The Mason City Globe-Gazette from Mason City, Iowa on April 11, 1934 · Page 1
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April 11, 1934

The Mason City Globe-Gazette from Mason City, Iowa · Page 1

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Wednesday, April 11, 1934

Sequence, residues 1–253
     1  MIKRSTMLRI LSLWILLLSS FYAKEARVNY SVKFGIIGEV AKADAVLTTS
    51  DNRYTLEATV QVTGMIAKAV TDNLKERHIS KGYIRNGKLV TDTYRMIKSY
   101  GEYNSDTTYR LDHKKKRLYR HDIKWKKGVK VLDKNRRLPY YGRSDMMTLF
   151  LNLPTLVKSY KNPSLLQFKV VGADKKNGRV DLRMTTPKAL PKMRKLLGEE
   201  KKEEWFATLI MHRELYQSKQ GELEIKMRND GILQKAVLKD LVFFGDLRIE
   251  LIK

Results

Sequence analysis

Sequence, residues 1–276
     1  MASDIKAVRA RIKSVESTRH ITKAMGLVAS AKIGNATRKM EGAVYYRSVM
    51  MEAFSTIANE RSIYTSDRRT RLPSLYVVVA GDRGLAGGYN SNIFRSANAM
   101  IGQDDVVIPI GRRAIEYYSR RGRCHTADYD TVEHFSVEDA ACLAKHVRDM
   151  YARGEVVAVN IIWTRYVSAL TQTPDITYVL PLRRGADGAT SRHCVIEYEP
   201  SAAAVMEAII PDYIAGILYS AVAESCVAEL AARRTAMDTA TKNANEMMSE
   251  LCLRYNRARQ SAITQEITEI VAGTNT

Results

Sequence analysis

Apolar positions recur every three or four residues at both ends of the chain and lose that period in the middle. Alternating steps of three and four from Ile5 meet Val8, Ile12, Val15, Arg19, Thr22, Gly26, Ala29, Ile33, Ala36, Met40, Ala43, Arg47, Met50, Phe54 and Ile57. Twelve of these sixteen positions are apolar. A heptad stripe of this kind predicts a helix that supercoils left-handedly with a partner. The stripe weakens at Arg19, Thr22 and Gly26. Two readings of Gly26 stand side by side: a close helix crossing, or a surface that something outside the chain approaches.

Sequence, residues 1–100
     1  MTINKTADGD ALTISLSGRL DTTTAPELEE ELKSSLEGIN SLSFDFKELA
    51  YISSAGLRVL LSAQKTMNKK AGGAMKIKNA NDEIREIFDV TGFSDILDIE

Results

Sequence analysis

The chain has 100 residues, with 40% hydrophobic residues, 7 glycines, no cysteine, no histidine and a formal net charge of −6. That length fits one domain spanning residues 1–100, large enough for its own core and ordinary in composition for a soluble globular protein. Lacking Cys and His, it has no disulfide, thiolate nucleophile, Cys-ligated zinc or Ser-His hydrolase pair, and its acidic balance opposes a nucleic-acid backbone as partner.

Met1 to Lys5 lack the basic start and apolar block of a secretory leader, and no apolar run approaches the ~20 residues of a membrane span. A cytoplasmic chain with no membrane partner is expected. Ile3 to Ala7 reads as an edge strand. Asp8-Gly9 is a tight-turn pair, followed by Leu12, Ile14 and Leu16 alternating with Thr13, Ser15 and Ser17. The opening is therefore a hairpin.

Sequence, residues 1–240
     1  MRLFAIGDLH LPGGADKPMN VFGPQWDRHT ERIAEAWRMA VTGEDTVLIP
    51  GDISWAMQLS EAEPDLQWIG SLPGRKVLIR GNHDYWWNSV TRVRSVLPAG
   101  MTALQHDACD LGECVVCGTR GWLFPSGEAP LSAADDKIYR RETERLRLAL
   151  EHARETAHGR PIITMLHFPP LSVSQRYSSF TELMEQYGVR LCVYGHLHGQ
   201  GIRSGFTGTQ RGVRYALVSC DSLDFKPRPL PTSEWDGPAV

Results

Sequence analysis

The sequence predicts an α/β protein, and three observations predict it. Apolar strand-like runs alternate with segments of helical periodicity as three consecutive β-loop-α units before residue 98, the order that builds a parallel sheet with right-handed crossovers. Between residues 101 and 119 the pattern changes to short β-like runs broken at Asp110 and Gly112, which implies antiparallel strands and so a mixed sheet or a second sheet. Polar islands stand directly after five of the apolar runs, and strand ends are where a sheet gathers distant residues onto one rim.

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E R i I S M E M 4 f. ."IT l £ P T OF I 0 ,V.' »n i M · ·· North Iowa's DAILY PAPER Edited for the Home "TUB NEWSFAl'JEB THAT MAKES AU, XOBTH IOWANS NEIGHBORS" HOME EDITION VOL. XL FIVE CENTS A COPY ft.SSOCLA.TED PRESS LEASED WIRE SERVICE MASON CITY, IOWA, WEDNESDAY, APRIL 11, 1934 SECTION ONE NO. 158 IL Politics in Fore Again Grand Old Game Is Showing Revival in Capital. By HERBERT PLUMMER T A S H I N G T O N , April 11. CfPl-- It might h a v e been 'the unusually spring like weather Washington h a d around E a st e r, or perhaps causes more significant but the fact remains that the grand old game of partisan politics is humming along at t h e present with a spirit it hasn't shown for more than a year. Representative Wadsworth of New York, former republican senator whose name is - mentioned in connection with his party's hopes for 1936, has scored the "new deal" in a nation wide address. Senator White of Maine, in a speech before the republican ' state convention of that state, urged "militant opposition to those vagaries in government toward which in our temporary distress we have been beguiled." Borah of Idaho, ever alert to sense a shift in the political winds, has given indications that all is not well in his eyes. In a recent speech in the senate he all but laughed at congress for surrendering its authority in the matter of processing taxes. Kainey Threatens. Speaker Rainey is threatening to make public his "blacklist" of democrats in the house who have opposed and voted against the administration on important issues. Allegations of "communism" the "brain trust" are in for an airing with republicans all set for any drop from the investigating committee's table. ·President Hoover has journeyed as far from the Pacific coast as Chicago on a confidential but thought- provoking mission. Jim Watson of Indiana is reported to be working toward reorganization of the republican national'committee, with posr And there are many other signs, even although faint, pointing toward reanimation of the forces of G. 0. P. * * * Skepticism Revived. Ordinarily such happenings would go unnoticed by politicians and those who make it their business to keep tab on politics. At the present, however, the faintest stir is set down and subjected to careful analysis. The past year has been one devoid of the usual in politics. Aside from occasional long-distance sniping, politicians for the most part have been as quietly bewildered by the dazzling parade put on by the present administration as have the common, every day citizens. Unless the signs fail, however, ttey are beginning to catch their breaths. Astonishment is giving way to skepticism in many instances. The politically charmed life which the administration has been living for more than a year apparently is about to be supplanted by a stiffer struggle for existence. New World's Plane Altitude Record Is Claimed by Italian ROME, April 11. (JP--Commander Renato Donati returned from a flight today with bis altitude meter registering 14,515 meters (46,621.291 feet). Pending the opening of his barograph tomorrow, which will give the exact altitude, his flight was regarded at Montecelio airfield, from which he took off, as a new International altitude record for airplanes. The present recognized record, held by G. Lemoine of France, is 13,661 meters (44,819.418 feet). Weal FORECAST IOWA: Fair, cooler in west and extreme south portions Wednesday night; Thursday, fair and slightly warmer in northeast and east central portions. MINNESOTA: Generally fair Wednesday night; Thursday fair, with slightly warmer In east and north portions. LOCAL STATISTICS Globe-Gazette weather figures for 24 hour period ending at S o'clock Wednesday morning: Maximum Tuesday 56 Minimum In Night S3 At 8 A. M. Wednesday S.T Rainfall Trace DEFENSE OPENS IN TRIAL OF BEH Mrs. Roosevelt Contradicts Wirt's Assertions DENIES PROJECT OF HOMESTEADS IS I n d i a n a Educator Told He May Go Back to Gary. WASHINGTON, April 11. UP)-Mrs. Franklin D. Roosevelt today contradicted the contentions of Dr. William A. Wirt that the subsistence homestead project at Reedsville, W. Va., is ''a communistic effort." The wife of the president gave her views'in response to questions at a white house conference with newspaperwomen. A while before, Dr. Wirt--on a visit to the capitol--had been told the house investigating committee desired - no further testimony from him and he was free to return to his Gary', Ind., home. To Resume Tuesday. The inquiry will resume next Tuesday with the appearance of the six persons named by Wirt as having attended a September dinner in Virginia at which he testified he heard talk of revolutionary plotting. Some of those named by him have denied that conversations related by him took place. Mrs. Roosevelt said today "Never in this country to my knowledge has it been considered communistic for an opportunity to be given to people to earn their own living and own their houses." Give Initial Capital. She added that while it is a fact that the government will provide the initial capital,;on,tiufjBajrticu.lar; projecfpany private"entlrpBse {fiat' wishes to do so may establish · the same sort of communities. "It is hoped that many private enterprises will wish to do it," she declared. "The government is just pointing the way." In response to further questions, Mrs. Roosevelt said that quite a number of private industries were even now willing to go into Reedsville. Forbid by Congress. Setting up of a governmental factory for making postoffice equipment was nipped in the bud by congressional action forbidding the postal department to buy such equipment from any factory outside the District of Columbia. Mrs. Roosevelt also answered Wirt's statement yesterday before the Bulwinkle committee that 200 families now paying rent in Morgantown would be taken from that community by the project in which she is interested, thus making taxes even harder to collect. I question very much if any people will eventually move into the 125, not 200, homes at Reedsville who have not paid any rent in quite a long time," she said Were on Relief. "Most of these families were on relief or they would not have opportunity to go out there." She added that most of the families came from mining camps and she doubted very much if the mining companies would feel that they (Xanr to PS'KC 2, Column 2) Fl HAS FINAL DAY OF FISHING Astor Says President and Son Caught 190 Fish on Tuesday. MIAMI, Fla., April 11. UP)-President Roosevelt was spending his last day at sea fishing off Gun Cay island" in the Bahamas, directly opposite Miami. Vincent Astor reported the president and his son, James, caught 190 fish yesterday. His message to Marvin H. Mcln- tyre, white house secretary here, follows: "The president and Jimmy went fishing yesterday afternoon and believe it or not, they caught 190 fish. From now on. the Ellis and the Nourmahal will live on fish. Remaining out here for remainder of day as fishing conditions seem very fine." The Nourmahal. Aster's yacht, is the one on which the president is spending his fishing trip. The Ellis is a coast guard boat. CROWD HEARS WIRT MAKE REVOLUTION CHARGES This picture shows the packed committee room In Washington where Dr. William A. Wirt (seated at left) told of a Virginia dinner party last September, at which, he said, he heurd that the "brain trust" planned revolution. Several of the six persons at the party denied his statements. James A. Heed (standing), former fiery senator from Missouri, appeared as Wirt's counsel. (Associated Press Photo). Demo Regulars Sweep Primary Vote in Illinois Rainey Scores Victory of CHICAGO, April 11. ers of organized democracy in Illinois whose candidates won nomination in yesterday's statewide primary almost as they pleased, labeled "the tremendous democratic vote" today as a "tribute and a compliment to the democratic administration, both national and local." The significance of the election lay largely in the fact that it was the first in which an entire state was afforded opportunity to register its opinion of its congressmen since the democratic landslide of 1932. Henry T. Rainey, congressman from the twentieth district and speaker of the house of representatives, scored a 5 to 1 victory ove"r James Kirby. a state representative. Not Direct Issue. The national administration was not a direct issue, the democrats having been content for the most part to campaign on local issues, with little more than perfunctory reference to the "new deal." The possible nomination of a republican candidate in the tenth district came closer to having administration significance, perhaps, than did the wide victory of Speaker Rainey. That was the apparent success of Ralph E. Church who contested for the republican congressional nomination against the incumbent, James Simpson, Jr. Church was indorsed by a Roosevelt cabinet member--Harold Ickes, secretary of the interior, who said Simpson's polo playing did not qualify him for congress. Returns, however, were far from complete, and Church's lead was slender. Negro Renominated. Oscar De Priest, only Negro member of congress, was renomin- ated by republicans in the first district. Michael Igoe, long a figure in Chicago and state democracy, was nominated for . congressman-at- large, together with Martin A. Brennan, incumbent. The Igoe victory was scored at 'the expense of an incumbent congressman. Walter Nesbit, who for years has been prominent in southern Illinois labor circles. Republicans viewed the primary with an optimism that equalled that of the democrats. Chairman William H. Weber of the republican Cook county (Chicago) central committee, said the vote was gratifying particularly to republicans who believed in a "united and rehabilitated republican party." No special effort was made to get out the republican vote, he said All Safely In. With the exception of Simpson in the tenth, republican incumbents (Turn to I'ftRe 2, Column fl Samuel Insull to Start Home Friday, the 13th Examined by Turkish* Doctors and Found Fit to Sail ""ISTANBUL,: April 11. CB--Government doctors examined Samuel Insull today and pronounced him fit to start the long trip back to Chicago at Smyrna Friday the thirteenth, aboard the S. S. Exilona. Insull's heart, reported to have given him trouble during^ his long exile in Greece, is sound, the doctors reported. He will return to the United States in custody of American authorities. Burton Y. Berry, 32 year old secretary of the American embassy, will accompany Insull on his trip to face charges of embezzlement and fraud in Illinois. United States Ambassador Robert P. Skinner, who designated Berry to make the trip, previously had indicated Insull might be placed aboard the American export line ship, the S. S. Executive, leaving Istanbul today. American authorities said they expected no further difficulty in finally bringing to an end the 74 year old Chicagoan's long flight from justice. They minimized the significance of last-minute moves by Insull's legal staff to delay his extradition. The Associated Press learned that Insull will be removed from the house of detention in which he is held here Thursday night. He will be taken on a Turkish coastwise boat and is scheduled to arrive at Smyrna Friday afternoon. The formalities of actually handing him over to the United States will take place aboard the Exilona. BANDJTSHOU) UP COLORADO BANK Flee With About $25,000 in Loot and 3 Officials as Hostages. STERLING, Colo., April 11. Of)-Machine gun bandits who smashed their way into the Security State bank here in a daring daylight holdup this morning and fled with about $25,000 loot and three bank officials as hostages were sought over a lyarge area in eastern Colorado and western Kansas and Nebraska today. . . The robbers, believed five in number, all wearing masks, fled in a small (Chevrolet) coach, which had no license plates, driving east. About two miles from Sterling they released their prisoners unharmed. The hostages were R. A. Towne. president of the bank; L. B. Propst, assistant cashier, and Davis Morrell, teller. Towne said the robbers' loot included $20,000 to $25,000 in currency, some bonds and warrants and some silver. COMPROMISE ON Senate Debates Exemption of Cocoanut Oil; Stock Bill Revised. WASHINGTON, April 11. (JP)-The senate today tentatively adopted a compromise to return to the Philippine government revenue from the proposed 3 cents a pound domestic processing tax on imported cocoanut oil. The action left to be acted on a proposal by Chairman Harrison of the senate finance committee to exempt from the tax, 520,000,000 pound of cocoanut oil from the islands, the average annual importa. tion for the last five years. Warned of Veto. Harrison had warned of a presidential veto if the tax remained in the bill and read a letter from Mr. P.oosevelt saying it violated the principles of the independence act. Action came after Senator Harrison announced he would not oppose the Norris amendment returning the tax which he said would strengthen the senate's bargaining position when the bill went to conference. The bill as it passed the house fixed taxation at 5 cents a pound, with no exemption or qualification. Six marginal requirements were stricken from the stock market control bill today by the senate banking committee without a record vote. Completely Revised. The committee completely revised the vital marginal section of the bill, adopting the Glass proposal to vest control over the problem with the federal reserve board and the proposed federal securities exchange commission. They would regulate the markets under the bill as now drafted. The committee vote was the climax to a bitter dispute over provisions of the stock market control ! bill. Several modifications already had been made in the drastic marginal requirements of the original measure. Glass Plan Substituted. The Glass proposal was substituted for a provision under which purchasers of stock would have been required by law to put up 60 pel cent of the market value in cash or in stable securities. Senator Glass (D.-Va.) offeree the plan which was approved by the committee. It has the indorsement of Eugene Black, governor of the federal reserve board. This provision would give the reserve board complete freedom in fixing the marginal requirements on loans by member banks. The securities exchange commission would fix marginal requirements for brokers and non-member banks. TOOL, DIE SHOPS REJECT UNION'S WAGE DEMANDS Conference Called to Try to Avoid Strike on Thursday. DETROIT, April 11. (.Pi--Representatives of 62 shops employing tool and die workers in Detroit today refused to entertain wage and hour demands of the Mechanics Educational society, which has threatened to walk out at midnight Thursday unless "satisfactory answers" were received. The refusal was made known after a meeting of the employers' representatives with Matthew J. Smith, general secretary of the Mechanics society. The workers had demanded wage increases of 20 per cent and a 36 hour, five day week. Conference Culled. Executives of the trades union immediately called a conference of officials to consider their future j course. ' Union representatives have estimated that approximately 18,000 tool and diemakers employed in the local shops would respond to a strike call and that, as in the case of the Motor Products corporation strike settled Monday, the effect would be felt shortly in many leading automobile plants. The strike of the Motor Products workers forced a suspension of production by the Hudson Motor Car company, but operations were in full swing in the latter plant today following the settlement of the parts company strike. 13 Year Old Boy Charged With Murder Inquest Held After Finding Body of Girl, 2. CHICAGO, April 11. Ui'i-- A few hours after blond 2 year old Dorette Zietlow was found dying from cold ana hunger in an abandoned ice house, a coroner's jury today recommended that George Rogalski, 13 years old, be held to the grand jury for murder. Half a dozen witnesses told how young Rogalski lured the little girl away from her home Sunday with promises of a nickel. Laconic and unimpressed, the school boy admitted undressing the child and leaving her in the building to die. Brother nt Inque«t. Witnesses at the inquest included Dorette's 4 year old brother, Kenneth, who testified In a childish treble that young Rogalski was the boy who "took Dorette by the hand and led her away." Four boys of George's age, driven away from the vicinity of the ice house by Rogalski after they heard Dorette whimpering, told how they summoned a policeman. Buy Sitd Listless. George sat listless through the hearing, unimpressed by the proc--dings. His parents, Mr. and Mrs. Michael Rogalski, watched on with detached airs, the mother sometimes smiling at the excited testimony of the child witnesses. Described by his parents as a regular attendant at church services, Rogalski said in "a surprised but decidedly not grief stricken voice, "Is that so?" when informed shortly before the inquest that Dor ette was'dead. The threatened'' 'walkout' of" 9ie tool and diemakers was the only present obstacle to complete peace in the automotive industry and federal mediation agencies today were endeavoring to bring about a compromise between the workers and employers. Quiet prevailed this forenoon at the plant of the Detroit-Michigan Stove company, where intermittent disorder has marked the two-days- old strike in clashes between strikers and workers. Two Firemen Lose Their Lives as Floor of Building Collapses PERTH AMBOY, N. J., April 11. Fire Chief Roland Jensen and Fireman Sylvester Palo lost their lives early today when the floor of the F. and W. Grand 5 and 10 cent store in Smith street collapsed after a fire in the cellar had eaten away the supports, plunging the two men into the flames. The fire was confined to the one store, contents of which were destroyed at a loss estimated by firemen at .$50,000. OILLlNGErVSM DIES IN ST, PAUL Death of Eugene Green Is llth Fatality Associated With Outlaw. ST. PAUL, April 11. (.TJ--Eugene Green, said by authorities to have been John Dillinger's companion when the outlaw escaped from an apartment here 10 days ago, died in a hospital here today from gunshot wounds suffered three days later when he was captured by federal agents. Green, who records showed was the eleventh fatality associated with Dillinger's depredations, had been unconscious most of the time since he was shot down April 3 by federal agents planted in a house in the Negro section. A woman companion, who also fled with Dil- lingor earlier, Beth Green, alias Hiries, alias Mrs. Bessie Moore, wife of Green, was captured at the same time. The shooting occurred as the two drove up to the house, officers learned later, to pick up luggage taken from another hideout. Physicians said Green dicti from an infection of the brain resulting from his gunshot wounds. Federal operatives who maintained a constant vigil at his bedside in an effort to obtain information which might lead to Dillinger's capture learned little, since he hat! few conscious moments. JUDGE MOON IS FIRST WITNESS TO TAKE STAND Government's Witnesses Tell About Threats to PWA Officials. By ROV P. POUTER Associated Tress Staff Writer. DAVENPORT, April 11. (.-PI-- De- 'ense attorneys for Carleton D. Beh, investment 'broker, today bean their attempt to prove that Beh altered an Ottumwa public works application in good faith. The prosecution rested its case at 31 a. m. After presenting a cor- robrating witness to testimony yesterday that Beh threatened public works administration officials in Washington when he found out the overnment was going to make loans to Iowa municipalities. Chief Defense Counsel Merrill Gilmore of Ottumwa put his- law partner, E. G. Moon, on the stand as the first defense witness. Moon was employed last October by the city of Ottumwa to investigate the status of the city's PWA application ii) Washington. Moon Tells of Trip. Moon testified as to a trip lie made to the Capitol after the government had approved a cash gran! of $50,000 for construction of a viaduct. He said that he conferred with George H. Welle, PWA official, ami determined that the application which had been approved differed from the original application made. He said that the approved request called for a $60,000 grant, on which the government allowed 550,000, and a local bond issue of $140,000. The original request, which, .the ·govern- ment alleges Beh: : altered, "asked a. $60,000 'grant; jiius a ; '?140,00p':.gov- ' e ' r n t 7" ""-*" . : - · *V°X : "V'; " ''···· : .,fa-f TO BEAT SMITH Jameson Contributions to Campaign Revealed in Cannon Trial. WASHINGTON, April 11. up)-Testimony that Edwin C. Jameson New York insurance executive, con tributed 5172,800 in 1928 to aid in defeating Alfred E. Smith for president was given a jury today in the trial of Bishop James Cannon, Jr. The Southern Methodist churchman and Miss Ada L. Burroughs are on trial in District of Columbia su preme court on a charge of con spiracy to violate the federal corrupt practices act by failing to report all of 565,300 received from Jameson. Active in Virginia. Bishop Cannon was active in Virginia in opposing Smith for president. Reports made to a congressional committee read into the court record showed that Jameson also collected $29,045 as chairman of the insurance division of the republican national committee. Jameson, the report ' said, contributed $30,000 to the republican state committee of Virginia in addition to $65,300 to Cannon. Aided Republicans. His contributions included $20,000 to the republican state committee of North Carolina, ?50,000 to the national constitutional democratic committee, $5,000 to the republican state committee of Indiana and $2,500 to the epublican national committee. H. F. Healey, Jameson's secretary, told of a call from Cannon in February 1929 during which he said he and Cannon discussed the reporting of the Jameson contributions to the clerk of the house under the corrupt practices act. "Cannon said," Healey testified, "that under the law it was not necessary for him to report them." Indorsement of New Deal Seen by Rainey WASHINGTON, April 11. (jP)-- Interpreting yesterday's Illinois election as a "wonderful indorse- ment of the new deal." Speaker Rainey told newspapermen today that he felt "certain" the state would be "democratic by a large margin in November." lowan Hangs Himself. NEOLA, April 11. (.1')--Samuel Porter, 70, prominent southwestern Iowa stock raiser, hanged himself in a bedroom at his home near here. The body was found by a son. Paul. e'rnmerit I , The defense has admitted that Beh altered the application but asserts that the change was made in good faith and that the Des Moine? investment broker acted as an agen! of the city. Substantiates Manning. Moon's testimony substantiated statements made yesterday by Mayor Edwin C. Manning, described from the Iowa end. Moon said that he conferred with Edward H. Foley, Jr., assistant general counsel of the PWA, and was told that a presidential lease on the viaduct to obtain a loan was "impractical," He also said that there was a brief discussion about a bond issue which was complicated by a division of opinion between the federal circuit court, and the Iowa supreme court as to the limit of the city's bonded indebtedness. The Ottumwa lawyer told how that city accepted, through a telegram from Manning, the $50,000 cash grant and relinquished claim on the loan provision In the original. application "n order to be sure to get the grant." Detailed Examination. The government went into a detailed cross examination as to con- 2, Column 0) Modern Manners The girl wonders--"Should I powder my nose at the theater?'' "Should I speak to him first when 1 meet him on the street?" "Should I allow him to pay for my dinner on the train?" The boy wonders-"Should I see her to her door in the apartment house?" "Should I get off the street car first?" "Should I precede her down the theater aisle?" The hostess wonders-"Should I separate married and engaged couples at the table?" "How should I seat my guests at the theater party?" "How should I send my invitations to the formal dinner?" Everyone will find the answer to what is correct and when in the booklet, "Modern Manners." which our Washington Information bureau is offering for a cost and handling charge of 10 cents. Use coupon. Mason City Globe-Gazette Information Bureau, Fr 'eric J. Haskin, Director, Washington, D. C. I Inc'"-- 10 cents in coin (carefully wrapped) for the booklet "Presidents and Their Wives." Xame -eet City State (Mail to Washington, D. C.)